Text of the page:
Convolve, Inc. et al. v. Compaq Computer Corp., et al.


Docket No. 2014-1732

DYK, TARANTO, HUGHES
February 10, 2016

Brief Summary: DC grant of SJ based on its construction of “user interface” affirmed; grant of SJ based on its construction of “controller” reversed; and finding “liability is precluded by intervening rights” (claims before and after reexamination) reversed.

Summary: This case was previously appealed (Convolve, FC 2013) and the FC reversed the DJ grant of SJ that the accused products did not met the “selected unwanted frequencies” limitation of US 6,314,473 relating to computer hard drives. This appeal results from the DJ’s grant of SJ that Seagate’s products do not meet the “user interface” limitation and Compaq’s computers do not meet the “commands” limitation. The opinion explains that in determining whether a patent is infringed, the court must first ‘determine[] the scope and meaning of the patent claims asserted,’ and then compare[] the claims ‘to the allegedly infringing devices’” (Ericsson, FC 2014; Grober, FC 2012). “[U]ser interface” was determined not to be “limited to a graphical user interface or mechanical switches, which were both disclosed in the specification” and concluded “[t]he plain meaning of ‘user interface’ requires a user”. The FC panel agreed, finding the specification to be consistent with that meaning. Convolve argued the prosecution history, the amendment of “graphical user interface” or “controller” to “user interface” “broadened the asserted claims to include Seagate’s hard drives” but the FC panel disagreed, finding “[t]he only evidence that these amendments were meant to encompass Seagate’s product is a declaration by one of the inventors submitted in this litigation” (“This post-hoc explanation is not enough to overcome the language of the claims and the disclosures in the specification.”) But the FC panel also found the DC erred in granting SJ that Compaq’s product does not meet the “commands” limitation, as the DC’s definition of the term “overlooks differences among the asserted claims” (e.g., “Claims 7, 8 and 10-14 do not plainly require the ‘user interface’ to perform the ‘outputting commands’ function”…“‘outputting commands’is part of the third step of a three-step claim and is not tied “to a particular processor or to the antecedent user interface”). Claims 9 and 15 are directed to an “apparatus comprising…a processor”. The FC panel explained that “[t]his court has ‘repeatedly emphasized that an indefinite article ‘a’ or ‘an’ in patent parlance carries the meaning of ‘one or more’ in open-ended claims containing the transitional phrase ‘comprising’” (KCJ Corp. FC 2012) and that “exceptions to this rule are ‘extremely limited: a patentee must ‘evince [] a clear intent’ to limit ‘a’ or ‘an’ to ‘one’” (Baldwin, FC 2008). “[A]bsent a clear intent in the claims themselves, the specification, or the prosecution history, we interpret ‘a processor’ as ‘one or more processors.’” Claims 1, 3 and 5 claim a “[u]ser interface for operatively working with a processor” which the FC panel concluded “require[s] the user interface to work with a single processor in performing all of the claim steps” (“”[C]laim 1 recites ‘a processor’ in the preamble before recitation of ‘comprising,’ and the claim body uses the definite article ‘the’ to refer to the ‘processor’. This reference to ‘the processor,’ referring back to the ‘a processor’ recited in the preamble, supports a conclusion that the recited user interface is ‘operatively working with’ the same processor to perform all of the recited steps.”), and the prosecution history did not clearly disclaim the alternative. The issue of intervening rights relating to reexamination was also considered (“patentee…only entitled to infringement damages for the time period between the date of issuance of the original claims and the date of the reexamined claims if the original and the reexamined claims are ‘substantially identical’” (R&L Carriers, FC 2015)). Under the Phillips (FC 2005) claim construction framework (plain language of the claims read in view of the specification and prosecution history), it was determined that “the addition of the word ‘seek’ did not alter the scope of the claims” (“the claims as originally drafted were limited to seek acoustic noise despite the lack of an express recitation in the claims”). The DC decision that “liability is precluded by intervening rights” was reversed.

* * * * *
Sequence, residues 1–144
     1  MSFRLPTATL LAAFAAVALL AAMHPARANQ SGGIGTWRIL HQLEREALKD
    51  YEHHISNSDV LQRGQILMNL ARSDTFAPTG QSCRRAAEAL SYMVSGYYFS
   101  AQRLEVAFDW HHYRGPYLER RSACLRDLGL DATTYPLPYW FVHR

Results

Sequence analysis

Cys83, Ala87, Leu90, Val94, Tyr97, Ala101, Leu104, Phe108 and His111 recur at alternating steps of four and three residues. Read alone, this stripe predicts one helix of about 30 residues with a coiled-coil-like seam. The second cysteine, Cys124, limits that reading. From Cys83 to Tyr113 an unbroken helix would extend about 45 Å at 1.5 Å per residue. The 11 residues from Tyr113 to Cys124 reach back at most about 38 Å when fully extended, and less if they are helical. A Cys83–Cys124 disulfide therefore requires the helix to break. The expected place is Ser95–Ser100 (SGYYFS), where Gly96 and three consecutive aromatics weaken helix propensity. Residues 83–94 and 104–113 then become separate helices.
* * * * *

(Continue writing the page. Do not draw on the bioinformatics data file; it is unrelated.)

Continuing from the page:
This entry was posted in Claim Construction, Infringement, Preamble, Prosecution History Estoppel, Reexamination. Bookmark the permalink.

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